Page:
Anna Bligh, Chief Executive of the Australian Banking Association commented on the state of culture and conduct during the Covid-19 pandemic in a recent speech. “Almost two years ago, I stood at a media conference in Sydney and told the nation that, in the wake of the Hayne Royal Commission, Australia’s banks would do ‘whatever it takes’ to regain the trust of their customers,” she said.
While much has changed since then, Bligh went on to explain that culture is a new element of operational risk.
Culture and conduct related risk has a significant impact on the stability of the banking system. This has elevated such concerns to board-level consideration and is driving culture reform efforts across the Australian industry. Implementation of a new Banking Code of Practice, and restructuring of remuneration for front-line sales functions, offer examples of the industry working together to shift culture and the behavioral predilections it may drive.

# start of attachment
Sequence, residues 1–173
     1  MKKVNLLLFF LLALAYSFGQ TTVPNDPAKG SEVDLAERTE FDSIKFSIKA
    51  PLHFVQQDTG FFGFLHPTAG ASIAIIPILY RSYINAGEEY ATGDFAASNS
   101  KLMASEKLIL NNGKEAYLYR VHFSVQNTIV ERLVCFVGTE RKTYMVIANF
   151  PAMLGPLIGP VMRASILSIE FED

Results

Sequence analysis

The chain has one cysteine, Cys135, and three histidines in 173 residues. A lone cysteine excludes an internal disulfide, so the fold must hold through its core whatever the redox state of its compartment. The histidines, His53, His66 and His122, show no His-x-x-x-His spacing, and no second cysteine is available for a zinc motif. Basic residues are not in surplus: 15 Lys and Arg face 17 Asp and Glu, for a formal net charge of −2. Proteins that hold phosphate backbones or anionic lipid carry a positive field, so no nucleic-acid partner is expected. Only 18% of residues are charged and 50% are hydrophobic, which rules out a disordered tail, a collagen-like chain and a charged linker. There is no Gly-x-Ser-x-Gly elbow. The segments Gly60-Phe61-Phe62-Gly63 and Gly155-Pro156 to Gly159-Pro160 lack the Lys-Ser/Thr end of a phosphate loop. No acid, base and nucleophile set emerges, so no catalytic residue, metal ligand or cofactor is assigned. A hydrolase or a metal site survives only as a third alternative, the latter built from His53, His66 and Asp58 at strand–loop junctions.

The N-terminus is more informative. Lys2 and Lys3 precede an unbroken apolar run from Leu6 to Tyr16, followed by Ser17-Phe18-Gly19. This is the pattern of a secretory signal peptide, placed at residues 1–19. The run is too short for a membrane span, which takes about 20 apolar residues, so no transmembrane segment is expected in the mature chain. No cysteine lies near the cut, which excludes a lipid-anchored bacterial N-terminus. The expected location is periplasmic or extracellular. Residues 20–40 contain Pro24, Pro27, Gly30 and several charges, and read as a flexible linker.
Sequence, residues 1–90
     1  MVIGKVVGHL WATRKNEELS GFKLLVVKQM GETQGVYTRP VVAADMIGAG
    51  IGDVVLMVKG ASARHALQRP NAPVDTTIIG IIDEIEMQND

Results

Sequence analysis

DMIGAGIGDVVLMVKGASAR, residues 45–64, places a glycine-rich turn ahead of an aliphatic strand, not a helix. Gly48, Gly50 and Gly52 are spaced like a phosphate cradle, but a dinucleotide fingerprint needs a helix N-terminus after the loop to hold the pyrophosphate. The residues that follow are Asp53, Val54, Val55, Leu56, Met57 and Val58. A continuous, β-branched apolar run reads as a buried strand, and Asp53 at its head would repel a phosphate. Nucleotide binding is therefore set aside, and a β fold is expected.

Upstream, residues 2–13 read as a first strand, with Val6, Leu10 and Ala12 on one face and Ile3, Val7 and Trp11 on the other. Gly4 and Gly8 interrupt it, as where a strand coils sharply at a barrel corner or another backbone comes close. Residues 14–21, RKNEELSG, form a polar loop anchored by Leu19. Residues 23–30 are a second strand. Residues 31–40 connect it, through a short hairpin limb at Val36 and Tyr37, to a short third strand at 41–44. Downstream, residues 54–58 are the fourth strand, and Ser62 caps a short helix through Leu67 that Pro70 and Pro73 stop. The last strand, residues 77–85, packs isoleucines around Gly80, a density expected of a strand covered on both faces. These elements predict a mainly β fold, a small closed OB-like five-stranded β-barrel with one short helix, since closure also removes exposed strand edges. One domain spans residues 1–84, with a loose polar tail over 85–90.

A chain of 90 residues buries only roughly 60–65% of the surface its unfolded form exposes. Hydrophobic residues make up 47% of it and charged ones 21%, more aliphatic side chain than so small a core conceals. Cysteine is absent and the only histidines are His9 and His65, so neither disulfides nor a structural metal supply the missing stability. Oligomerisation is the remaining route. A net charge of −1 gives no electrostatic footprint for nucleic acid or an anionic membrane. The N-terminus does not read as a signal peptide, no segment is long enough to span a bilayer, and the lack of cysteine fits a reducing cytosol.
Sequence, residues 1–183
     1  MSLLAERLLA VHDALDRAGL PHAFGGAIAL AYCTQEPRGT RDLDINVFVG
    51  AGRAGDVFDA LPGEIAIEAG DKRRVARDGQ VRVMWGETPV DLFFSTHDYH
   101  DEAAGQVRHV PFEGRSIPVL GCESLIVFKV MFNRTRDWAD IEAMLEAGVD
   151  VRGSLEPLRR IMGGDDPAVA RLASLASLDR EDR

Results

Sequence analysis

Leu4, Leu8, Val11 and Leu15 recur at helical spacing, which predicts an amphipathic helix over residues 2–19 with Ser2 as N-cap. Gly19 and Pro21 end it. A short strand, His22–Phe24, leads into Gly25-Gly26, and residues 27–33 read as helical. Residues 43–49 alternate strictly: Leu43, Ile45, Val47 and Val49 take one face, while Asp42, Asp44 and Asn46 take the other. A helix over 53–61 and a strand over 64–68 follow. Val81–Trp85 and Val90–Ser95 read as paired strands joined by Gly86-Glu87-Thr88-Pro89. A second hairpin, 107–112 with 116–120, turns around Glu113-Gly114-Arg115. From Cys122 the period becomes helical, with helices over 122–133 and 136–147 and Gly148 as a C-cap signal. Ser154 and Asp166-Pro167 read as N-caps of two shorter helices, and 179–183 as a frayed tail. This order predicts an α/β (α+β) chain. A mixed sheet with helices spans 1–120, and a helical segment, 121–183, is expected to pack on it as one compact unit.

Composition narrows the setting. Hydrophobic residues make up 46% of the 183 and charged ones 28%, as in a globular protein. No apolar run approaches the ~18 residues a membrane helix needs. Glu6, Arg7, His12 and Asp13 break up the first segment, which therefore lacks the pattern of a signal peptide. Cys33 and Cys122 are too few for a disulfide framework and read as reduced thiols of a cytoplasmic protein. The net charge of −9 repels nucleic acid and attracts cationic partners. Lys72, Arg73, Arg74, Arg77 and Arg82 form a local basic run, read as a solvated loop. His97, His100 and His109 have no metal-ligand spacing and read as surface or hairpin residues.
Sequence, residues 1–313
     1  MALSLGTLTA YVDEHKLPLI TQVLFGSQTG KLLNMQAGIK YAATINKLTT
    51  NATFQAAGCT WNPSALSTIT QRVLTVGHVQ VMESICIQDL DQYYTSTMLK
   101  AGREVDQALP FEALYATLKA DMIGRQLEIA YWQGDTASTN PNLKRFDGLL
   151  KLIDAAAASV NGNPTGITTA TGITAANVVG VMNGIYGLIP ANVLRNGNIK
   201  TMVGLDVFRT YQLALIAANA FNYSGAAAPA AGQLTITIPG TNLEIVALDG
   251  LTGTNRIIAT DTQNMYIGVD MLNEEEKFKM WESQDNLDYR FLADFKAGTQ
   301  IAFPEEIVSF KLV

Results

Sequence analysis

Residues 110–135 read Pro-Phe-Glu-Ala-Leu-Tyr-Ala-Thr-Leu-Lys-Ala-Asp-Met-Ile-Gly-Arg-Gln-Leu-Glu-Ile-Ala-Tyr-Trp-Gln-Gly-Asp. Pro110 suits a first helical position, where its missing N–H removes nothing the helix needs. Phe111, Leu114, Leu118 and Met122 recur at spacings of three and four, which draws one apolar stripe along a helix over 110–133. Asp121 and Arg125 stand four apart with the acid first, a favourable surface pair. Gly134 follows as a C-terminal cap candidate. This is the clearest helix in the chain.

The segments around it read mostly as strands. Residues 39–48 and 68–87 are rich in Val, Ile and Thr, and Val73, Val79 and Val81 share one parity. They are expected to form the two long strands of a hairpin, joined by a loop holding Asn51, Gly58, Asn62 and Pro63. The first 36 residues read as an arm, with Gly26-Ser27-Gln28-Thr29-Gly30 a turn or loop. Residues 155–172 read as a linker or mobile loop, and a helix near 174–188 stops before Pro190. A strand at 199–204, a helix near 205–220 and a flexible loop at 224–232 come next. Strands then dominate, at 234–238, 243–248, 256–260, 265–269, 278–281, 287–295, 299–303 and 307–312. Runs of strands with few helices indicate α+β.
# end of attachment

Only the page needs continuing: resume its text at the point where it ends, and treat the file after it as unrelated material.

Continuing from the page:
Still, more needs to be done. Much current effort is undertaken at an institutional level, with each bank considering their culture and setting their own priorities for change. For lasting industry wide changes for the better, there is need for greater industry collaboration to achieve consensus on how culture and conduct risk is best managed.